IDEAS home Printed from https://ideas.repec.org/p/cpr/ceprdp/2547.html
   My bibliography  Save this paper

Did Monetary Forces Cause the Great Depression?

Author

Listed:
  • Ritschl, Albrecht
  • Woitek, Ulrich

Abstract

This paper recasts Temin's (1976) question of whether monetary forces caused the Great Depression in a modern time series framework. We analyse money-income causalities and predict US output in a recursive Bayesian framework, allowing for information updating and time-varying coefficients. The predictive power of money aggregates and the Fed discount rate is in general very weak and collapses after the crisis of the gold standard in 1931. In contrast, non-monetary variables, particularly leading indicators of residential construction and equipment investment, have impressive forecasting power, forecasting almost half the output decline already in mid-1929. Our recursive framework also allows examination of the stability of our estimated dynamic parameters. Recursive estimates of the monetary impulse responses exhibit remarkable structural instability and strongly react to monetary regime changes during the depression. This phenomenon is discomforting in the light of the Lucas (1976) critique, as it suggests that the money/income relationship may be endogenous to policy and was not in the set of deep parameters of the US economy. Given the instability and poor predictive power of monetary instruments and the strong showing of leading indicators of real activity, we remain skeptical about a monetary interpretation of the Great Depression in the US.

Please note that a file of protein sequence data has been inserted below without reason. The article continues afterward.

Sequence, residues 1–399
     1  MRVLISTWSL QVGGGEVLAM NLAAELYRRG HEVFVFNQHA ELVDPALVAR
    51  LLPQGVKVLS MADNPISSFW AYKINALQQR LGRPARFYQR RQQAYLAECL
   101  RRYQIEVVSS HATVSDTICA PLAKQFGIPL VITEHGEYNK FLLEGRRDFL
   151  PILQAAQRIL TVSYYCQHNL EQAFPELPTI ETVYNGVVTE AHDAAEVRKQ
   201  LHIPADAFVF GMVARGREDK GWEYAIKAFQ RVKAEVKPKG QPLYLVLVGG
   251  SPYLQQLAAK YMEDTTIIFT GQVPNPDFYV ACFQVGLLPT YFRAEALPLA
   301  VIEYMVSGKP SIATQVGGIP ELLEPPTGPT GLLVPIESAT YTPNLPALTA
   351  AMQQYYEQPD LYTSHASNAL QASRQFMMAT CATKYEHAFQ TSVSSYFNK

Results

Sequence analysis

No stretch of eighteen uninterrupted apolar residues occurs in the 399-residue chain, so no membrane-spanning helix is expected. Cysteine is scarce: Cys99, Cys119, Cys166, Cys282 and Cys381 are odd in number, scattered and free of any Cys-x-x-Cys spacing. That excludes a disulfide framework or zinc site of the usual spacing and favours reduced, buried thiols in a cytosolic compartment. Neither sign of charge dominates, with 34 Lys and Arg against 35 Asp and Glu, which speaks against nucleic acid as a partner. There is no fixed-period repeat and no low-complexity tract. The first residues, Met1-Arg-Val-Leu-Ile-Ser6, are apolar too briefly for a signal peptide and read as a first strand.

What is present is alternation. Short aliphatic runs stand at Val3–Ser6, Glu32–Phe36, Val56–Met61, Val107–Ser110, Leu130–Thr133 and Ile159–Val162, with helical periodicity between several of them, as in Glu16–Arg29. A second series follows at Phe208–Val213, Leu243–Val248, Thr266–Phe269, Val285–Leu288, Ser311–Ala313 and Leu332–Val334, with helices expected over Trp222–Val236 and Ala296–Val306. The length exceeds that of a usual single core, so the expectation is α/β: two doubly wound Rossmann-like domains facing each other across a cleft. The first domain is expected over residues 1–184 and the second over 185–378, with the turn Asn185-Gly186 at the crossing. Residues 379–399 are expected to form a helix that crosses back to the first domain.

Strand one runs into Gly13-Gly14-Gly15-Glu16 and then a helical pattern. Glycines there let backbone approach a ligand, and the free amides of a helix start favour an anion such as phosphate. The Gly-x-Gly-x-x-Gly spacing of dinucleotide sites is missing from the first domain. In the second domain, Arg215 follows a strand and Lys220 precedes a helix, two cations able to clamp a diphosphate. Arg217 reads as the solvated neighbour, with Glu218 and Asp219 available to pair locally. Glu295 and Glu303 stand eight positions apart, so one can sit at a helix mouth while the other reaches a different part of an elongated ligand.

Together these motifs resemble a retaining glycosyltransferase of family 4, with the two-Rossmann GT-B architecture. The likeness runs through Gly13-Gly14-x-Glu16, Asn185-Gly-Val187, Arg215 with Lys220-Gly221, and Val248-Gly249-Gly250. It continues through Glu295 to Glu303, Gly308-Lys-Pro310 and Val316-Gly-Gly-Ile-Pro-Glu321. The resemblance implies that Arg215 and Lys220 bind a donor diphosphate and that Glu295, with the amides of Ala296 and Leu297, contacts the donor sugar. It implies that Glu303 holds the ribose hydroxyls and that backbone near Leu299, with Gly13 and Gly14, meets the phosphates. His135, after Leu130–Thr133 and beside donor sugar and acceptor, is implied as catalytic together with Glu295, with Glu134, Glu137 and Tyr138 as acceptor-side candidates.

Suggested Citation

  • Ritschl, Albrecht & Woitek, Ulrich, 2000. "Did Monetary Forces Cause the Great Depression?," CEPR Discussion Papers 2547, C.E.P.R. Discussion Papers.
  • Handle: RePEc:cpr:ceprdp:2547
    as

    Download full text from publisher

    File URL: http://www.cepr.org/active/publications/discussion_papers/dp.php?dpno=2547
    Download Restriction: CEPR Discussion Papers are free to download for our researchers, subscribers and members. If you fall into one of these categories but have trouble downloading our papers, please contact us at subscribers@cepr.org

    As the access to this document is restricted, you may want to search for a different version of it.

    References listed on IDEAS

    as
    1. Mayer, Thomas, 1978. "Money and the Great Depression: A critique of professor Temin's thesis," Explorations in Economic History, Elsevier, vol. 15(2), pages 127-145, April.
    2. Klug, Adam & Landon-Lane, John S. & White, Eugene N., 2005. "How could everyone have been so wrong? Forecasting the Great Depression with the railroads," Explorations in Economic History, Elsevier, vol. 42(1), pages 27-55, January.
    3. Nathan Balke & Robert J. Gordon, 1986. "Appendix B: Historical Data," NBER Chapters,in: The American Business Cycle: Continuity and Change, pages 781-850 National Bureau of Economic Research, Inc.
    4. Evans, Martin & Wachtel, Paul, 1993. "Were price changes during the Great Depression anticipated? : Evidence from nominal interest rates," Journal of Monetary Economics, Elsevier, vol. 32(1), pages 3-34, August.
    5. Hamilton, James D, 1992. "Was the Deflation during the Great Depression Anticipated? Evidence from the Commodity Futures Market," American Economic Review, American Economic Association, vol. 82(1), pages 157-178, March.
    6. Thomas Doan & Robert B. Litterman & Christopher A. Sims, 1983. "Forecasting and Conditional Projection Using Realistic Prior Distributions," NBER Working Papers 1202, National Bureau of Economic Research, Inc.
    7. Dominguez, Kathryn M & Fair, Ray C & Shapiro, Matthew D, 1988. "Forecasting the Depression: Harvard versus Yale," American Economic Review, American Economic Association, vol. 78(4), pages 595-612, September.
    8. Sims, Christopher A, 1980. "Macroeconomics and Reality," Econometrica, Econometric Society, vol. 48(1), pages 1-48, January.